Now that freedom of expression and press control emerged as major concerns in the political conflict between Catalonia and the Spanish central government, it is worth to bring into discussion a much debated issue. Catalan public broadcasting journalists have been protesting for over ten years against the so-called coverage quotes. In short, current regulations establish that journalists are required to use a calculated number related to the proportion of votes cast in the previous election to determine the amount of broadcast time they allot to each party. The Nordic Journal of Applied Ethics (Ettik i praksis) recently published the academic work of Comress director Carme Ferré-Pavia, Political control and journalist protests in Spanish public media in electoral campaigns: A decade of conflict, in which she presents an in-depth analysis of the case and its historical roots from different angles: the protests, the journalists’ professional roles, the political parties’ strategies, the roles of the regulatory boards and the initiatives taken by some professional organizations and institutions.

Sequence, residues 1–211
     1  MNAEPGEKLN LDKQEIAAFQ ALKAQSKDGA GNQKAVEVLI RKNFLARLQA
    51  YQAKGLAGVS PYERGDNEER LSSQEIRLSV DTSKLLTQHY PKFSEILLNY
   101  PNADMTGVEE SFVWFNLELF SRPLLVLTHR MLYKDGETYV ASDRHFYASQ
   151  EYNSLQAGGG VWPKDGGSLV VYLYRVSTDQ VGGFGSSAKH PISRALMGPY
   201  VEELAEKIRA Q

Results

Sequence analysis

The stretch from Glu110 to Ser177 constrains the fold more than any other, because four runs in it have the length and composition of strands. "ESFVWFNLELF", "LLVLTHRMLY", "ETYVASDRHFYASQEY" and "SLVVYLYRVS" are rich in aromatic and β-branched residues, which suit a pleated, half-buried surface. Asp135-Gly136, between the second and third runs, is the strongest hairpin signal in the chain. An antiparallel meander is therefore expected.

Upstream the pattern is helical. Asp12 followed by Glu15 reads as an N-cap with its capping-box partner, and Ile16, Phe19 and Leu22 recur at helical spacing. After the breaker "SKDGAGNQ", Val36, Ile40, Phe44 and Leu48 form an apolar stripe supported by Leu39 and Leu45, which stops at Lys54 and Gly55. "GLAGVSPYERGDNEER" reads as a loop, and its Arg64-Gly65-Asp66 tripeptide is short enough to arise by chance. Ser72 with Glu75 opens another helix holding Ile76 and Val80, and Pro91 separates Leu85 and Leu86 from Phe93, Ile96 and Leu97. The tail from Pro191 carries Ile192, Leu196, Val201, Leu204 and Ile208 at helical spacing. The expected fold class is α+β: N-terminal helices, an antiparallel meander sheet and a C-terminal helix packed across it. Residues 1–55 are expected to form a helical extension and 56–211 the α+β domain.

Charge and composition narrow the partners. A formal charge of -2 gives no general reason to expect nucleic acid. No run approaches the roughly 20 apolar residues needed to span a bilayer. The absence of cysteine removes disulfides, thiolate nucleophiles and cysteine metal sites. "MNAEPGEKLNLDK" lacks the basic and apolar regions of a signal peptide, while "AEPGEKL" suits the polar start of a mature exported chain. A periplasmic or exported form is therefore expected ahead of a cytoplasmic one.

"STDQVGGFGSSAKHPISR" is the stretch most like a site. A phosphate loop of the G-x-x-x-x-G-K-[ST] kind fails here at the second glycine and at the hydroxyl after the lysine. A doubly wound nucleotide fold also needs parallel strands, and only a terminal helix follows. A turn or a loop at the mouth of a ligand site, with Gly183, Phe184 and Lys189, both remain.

The academic publication seeks to explore different perspectives and make visible the role of media professionals who protested in order to stop having information on the one hand and politically controlled advertisements on the other. Journalists have repeatedly and publicly complained about the quotas, while simultaneously explaining the effects of the quotas to the audience and not crediting authorship of this news. Ferré-Pavia conducted extensive document examination, news content analysis, as well as interviews with relevant key informants.
The results indicate that the Spanish political class has deemed the performance of the Catalan public broadcaster as tending to equate political information with electoral spots controlled by parties. Consequently, an enduring conflict between politicians and Catalan journalists arose and created distances towards their audiences.